Did you lose a loved one in a fatal car crash in Georgia? While no amount of money can replace your loss, our Duluth car accident lawyers can help your family get justice.
One of the most devastating situations that can occur is losing a family member in a fatal car accident. In the aftermath of a death caused by someone else’s negligence, surviving family members must understand their legal rights.
Specifically, these family members need to understand the essentials of pursuing a wrongful death claim.
Who can pursue a Georgia wrongful death claim?
Georgia law specifies which family members have the legal ability to pursue a wrongful death case and the circumstances when they can do so. If the deceased person was married but had no children at the time of the car accident, their spouse is able to pursue this type of claim.
If the deceased was married with children, the spouse can pursue a wrongful death claim but must do so on behalf of the children as well. Any compensation awarded in such a case is divided between the surviving spouse and children.
In a case where the deceased had no spouse but children, the children can file a claim. If they are minors, an adult will be designated to represent their interests in such a case.
If the deceased had no spouse or children but had living parents, the parents can pursue a wrongful death claim. If they have no living parents, the deceased’s siblings can do this instead.
Common causes of Georgia fatal car accidents
There are a number of underlying causes for car accidents on Georgia roadways. Here are some of the most common causes of fatal car accidents:
- Distracted driving
- Intoxicated or impaired driving (DUI)
- Excessive speed
- Failure to obey traffic signs or signals
Compensation in a wrongful death car accident claim
The type of compensation that may be available to a claimant in a wrongful death case depends on the facts and circumstances surrounding the car accident itself. Compensation also depends on the relationship between the deceased person and the family member pursuing a claim. For example, available compensation would differ somewhat in a case involving their spouse as opposed to one pursued by a sibling.
Common examples of compensation that potentially can be awarded in a Georgia wrongful death claim include:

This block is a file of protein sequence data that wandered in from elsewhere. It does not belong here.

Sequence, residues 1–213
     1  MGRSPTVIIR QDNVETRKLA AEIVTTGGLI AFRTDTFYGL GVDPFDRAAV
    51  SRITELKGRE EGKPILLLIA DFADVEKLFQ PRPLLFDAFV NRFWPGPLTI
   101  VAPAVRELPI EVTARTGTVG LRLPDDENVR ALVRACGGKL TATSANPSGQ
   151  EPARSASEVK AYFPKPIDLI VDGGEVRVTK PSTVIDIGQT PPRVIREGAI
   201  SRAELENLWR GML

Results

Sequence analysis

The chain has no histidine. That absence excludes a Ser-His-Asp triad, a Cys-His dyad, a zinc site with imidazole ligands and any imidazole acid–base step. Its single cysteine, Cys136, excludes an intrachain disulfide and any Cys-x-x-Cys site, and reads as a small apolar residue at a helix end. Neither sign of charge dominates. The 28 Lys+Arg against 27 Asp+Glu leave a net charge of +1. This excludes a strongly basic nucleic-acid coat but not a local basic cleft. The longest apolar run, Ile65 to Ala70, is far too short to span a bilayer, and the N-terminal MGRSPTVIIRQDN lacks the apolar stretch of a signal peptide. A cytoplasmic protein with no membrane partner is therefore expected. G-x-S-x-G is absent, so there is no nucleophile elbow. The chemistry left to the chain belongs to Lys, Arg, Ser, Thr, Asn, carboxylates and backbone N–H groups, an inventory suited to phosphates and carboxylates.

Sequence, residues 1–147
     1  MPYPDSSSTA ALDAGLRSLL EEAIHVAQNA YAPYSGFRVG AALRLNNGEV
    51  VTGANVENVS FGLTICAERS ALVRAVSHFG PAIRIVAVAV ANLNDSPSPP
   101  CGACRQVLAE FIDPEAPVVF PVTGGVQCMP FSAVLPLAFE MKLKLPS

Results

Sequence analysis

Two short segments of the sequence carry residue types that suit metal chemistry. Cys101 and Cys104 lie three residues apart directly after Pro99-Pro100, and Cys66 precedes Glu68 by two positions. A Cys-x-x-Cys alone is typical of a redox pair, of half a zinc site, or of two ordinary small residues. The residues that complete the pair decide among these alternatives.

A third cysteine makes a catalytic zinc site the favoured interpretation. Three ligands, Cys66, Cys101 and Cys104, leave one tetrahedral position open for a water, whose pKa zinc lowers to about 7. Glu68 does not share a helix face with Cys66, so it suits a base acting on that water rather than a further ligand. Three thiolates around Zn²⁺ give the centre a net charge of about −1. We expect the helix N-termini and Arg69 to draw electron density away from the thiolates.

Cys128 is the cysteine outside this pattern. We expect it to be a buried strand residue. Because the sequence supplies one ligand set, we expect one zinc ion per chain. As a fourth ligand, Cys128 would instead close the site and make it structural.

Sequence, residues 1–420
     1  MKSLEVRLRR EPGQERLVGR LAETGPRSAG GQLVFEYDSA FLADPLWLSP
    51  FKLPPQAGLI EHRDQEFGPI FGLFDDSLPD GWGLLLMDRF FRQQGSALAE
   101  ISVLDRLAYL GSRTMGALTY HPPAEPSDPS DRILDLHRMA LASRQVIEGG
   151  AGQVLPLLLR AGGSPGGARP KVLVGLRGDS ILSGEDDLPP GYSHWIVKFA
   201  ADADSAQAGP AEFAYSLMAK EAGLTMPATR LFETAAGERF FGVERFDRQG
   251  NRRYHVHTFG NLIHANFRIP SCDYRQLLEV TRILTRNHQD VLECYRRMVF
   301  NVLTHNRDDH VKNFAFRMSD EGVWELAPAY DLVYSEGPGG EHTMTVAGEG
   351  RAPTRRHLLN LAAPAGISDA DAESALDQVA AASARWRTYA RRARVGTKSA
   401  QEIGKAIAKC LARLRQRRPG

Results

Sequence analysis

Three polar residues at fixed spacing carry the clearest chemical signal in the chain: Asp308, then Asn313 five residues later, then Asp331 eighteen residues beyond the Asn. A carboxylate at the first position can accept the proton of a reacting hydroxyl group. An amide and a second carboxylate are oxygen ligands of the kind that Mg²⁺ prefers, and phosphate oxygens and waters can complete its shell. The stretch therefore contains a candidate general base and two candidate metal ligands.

- Medical bills
- Mental anguish and emotional distress
- Lost income
- Lost support
- Lost affection
- Funeral and burial expenses
If the circumstances surrounding a car accident caused by the conduct of someone else are deemed particularly reckless or egregious, additional compensation in the form of punitive (or exemplary) damages may be possible; however, this type of additional recovery is not commonplace in Georgia and is awarded only in cases where the facts demonstrate a level of extremely egregious conduct warranting supplemental recovery.
Georgia wrongful death statute of limitations
Georgia has what is known as a statute of limitations for wrongful death lawsuits. The statute of limitations is a law that establishes a specific timeframe within which a wrongful death lawsuit must be filed. A lawsuit stemming from a fatal car accident in Georgia must be filed within 2 years from the date of the collision.
Failure to meet the deadline can result in a family member being permanently prevented from pursuing a lawsuit to seek financial compensation for the loss of their loved one.
How a Georgia car accident lawyer can help grieving families
A surviving family member who wishes to pursue a wrongful death claim is strongly advised to protect their legal rights by retaining the services of a skilled, experienced Georgia car accident lawyer. Before seeking a claim, you should engage an attorney before speaking with an insurance company or anyone else about the accident in question.
In these difficult times, you’ll want a lawyer you can trust to get you the compensation you deserve. You’ve already been through enough suffering, so let the knowledgeable and trustworthy lawyers of Scholle Law fight on your behalf.